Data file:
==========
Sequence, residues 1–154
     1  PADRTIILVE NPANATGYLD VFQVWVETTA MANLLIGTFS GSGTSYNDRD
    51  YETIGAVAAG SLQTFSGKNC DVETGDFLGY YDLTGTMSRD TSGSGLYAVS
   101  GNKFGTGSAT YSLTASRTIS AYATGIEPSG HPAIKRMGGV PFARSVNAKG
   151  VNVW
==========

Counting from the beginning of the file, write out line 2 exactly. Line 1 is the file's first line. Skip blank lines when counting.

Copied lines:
     1  PADRTIILVE NPANATGYLD VFQVWVETTA MANLLIGTFS GSGTSYNDRD